All Ya Needs That Negrocity
You have to stretch your vocabulary to parse All Ya Needs That Negrocity, the pointedly titled 12th album from Burnt Sugar the Arkestra Chamber. Burnt Sugar is the sprawling, tribal band Village Voice writer Greg Tate (on guitar, lyrics and laptop) and bassist Jared Michael Nickerson founded in 1999. The New York-based ensemble scrambles genres, paying homage to everyone from Ellington to Sun Ra to Hendrix to Parliament-Funkadelic in the process. There’s more: As interpreted by vocalists Lisala and Maya Azucena, Astor Piazzolla’s “Libertango” soars and pops, Mazz Swift’s dervish violin giving it a stunning Gypsy overlay. Burnt Sugar may be a collective, and it’s a jam band for sure, but Tate and Nickerson’s production guarantees each player full power, and the group’s purpose is unmistakable: to shake things up, your booty included. Frees your mind, too: Check out the pungent sax interplay on “Bliques Haff Moor Funn,” also a showcase for “Sugar emeritus” pianist Vijay Iyer.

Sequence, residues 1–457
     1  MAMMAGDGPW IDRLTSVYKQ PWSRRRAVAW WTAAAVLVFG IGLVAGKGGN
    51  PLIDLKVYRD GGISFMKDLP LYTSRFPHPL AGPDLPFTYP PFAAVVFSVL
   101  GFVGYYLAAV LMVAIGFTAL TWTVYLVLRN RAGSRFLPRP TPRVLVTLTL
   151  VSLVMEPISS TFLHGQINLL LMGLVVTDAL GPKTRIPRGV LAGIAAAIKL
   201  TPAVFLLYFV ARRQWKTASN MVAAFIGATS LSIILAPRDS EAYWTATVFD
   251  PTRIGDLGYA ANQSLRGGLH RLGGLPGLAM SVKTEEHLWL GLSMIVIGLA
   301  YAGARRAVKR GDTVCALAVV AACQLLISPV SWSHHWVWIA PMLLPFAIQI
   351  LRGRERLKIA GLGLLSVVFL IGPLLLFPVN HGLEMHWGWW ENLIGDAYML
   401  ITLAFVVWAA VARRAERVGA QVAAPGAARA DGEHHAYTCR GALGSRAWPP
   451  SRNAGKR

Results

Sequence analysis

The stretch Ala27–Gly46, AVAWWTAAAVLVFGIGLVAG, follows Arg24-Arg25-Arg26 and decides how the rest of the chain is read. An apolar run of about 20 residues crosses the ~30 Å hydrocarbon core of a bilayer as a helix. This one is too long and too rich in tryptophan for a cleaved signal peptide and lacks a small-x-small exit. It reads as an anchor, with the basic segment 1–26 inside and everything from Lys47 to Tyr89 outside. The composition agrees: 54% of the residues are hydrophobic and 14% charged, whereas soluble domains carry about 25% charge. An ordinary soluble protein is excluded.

Despite the stylistic versatility, the soundscape often conjures late electric Miles—Andre Lassalle, guitar ghoul on the scary “Throne of Blood 33 1/3,” blends Hendrix and Pete Cosey—and the politics are easily as subversive. On the poignant, angry “Burning Crosses,” Abby Dobson’s huge, plummy voice aches while Rene Akan’s guitar twines. This music is aggressive and fearless no matter the mode—and there are “soft” cuts. (Not many, though.) There’s also a hidden 12th track, a pushy venture with buried vocals and Tackhead drive saying it’s time to act like an African. Coming on the heels of the synth-drenched “Blood Music,” it’s advice the band also stresses in the album’s clever title. Question is, do you pronounce “negrocity” like “ferocity” or make it two words? Works both ways and then some, like the music itself.